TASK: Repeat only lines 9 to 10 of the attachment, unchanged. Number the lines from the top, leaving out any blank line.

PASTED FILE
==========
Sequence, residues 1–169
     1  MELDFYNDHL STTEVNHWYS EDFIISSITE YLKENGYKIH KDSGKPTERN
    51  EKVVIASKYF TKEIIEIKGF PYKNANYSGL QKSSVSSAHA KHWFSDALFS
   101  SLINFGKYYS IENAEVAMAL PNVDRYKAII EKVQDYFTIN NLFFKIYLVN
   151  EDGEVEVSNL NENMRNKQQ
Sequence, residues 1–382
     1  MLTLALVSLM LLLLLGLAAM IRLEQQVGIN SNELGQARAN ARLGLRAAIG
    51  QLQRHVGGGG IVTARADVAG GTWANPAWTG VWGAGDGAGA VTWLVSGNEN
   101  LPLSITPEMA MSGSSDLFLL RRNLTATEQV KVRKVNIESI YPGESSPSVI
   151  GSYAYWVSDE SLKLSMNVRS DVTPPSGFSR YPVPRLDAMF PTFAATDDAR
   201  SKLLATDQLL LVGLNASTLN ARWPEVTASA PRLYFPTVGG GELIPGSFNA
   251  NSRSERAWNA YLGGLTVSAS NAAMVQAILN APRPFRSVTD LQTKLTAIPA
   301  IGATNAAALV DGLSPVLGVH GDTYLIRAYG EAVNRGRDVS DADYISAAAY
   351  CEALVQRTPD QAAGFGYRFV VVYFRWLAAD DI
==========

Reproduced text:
   101  LPLSITPEMA MSGSSDLFLL RRNLTATEQV KVRKVNIESI YPGESSPSVI
   151  GSYAYWVSDE SLKLSMNVRS DVTPPSGFSR YPVPRLDAMF PTFAATDDAR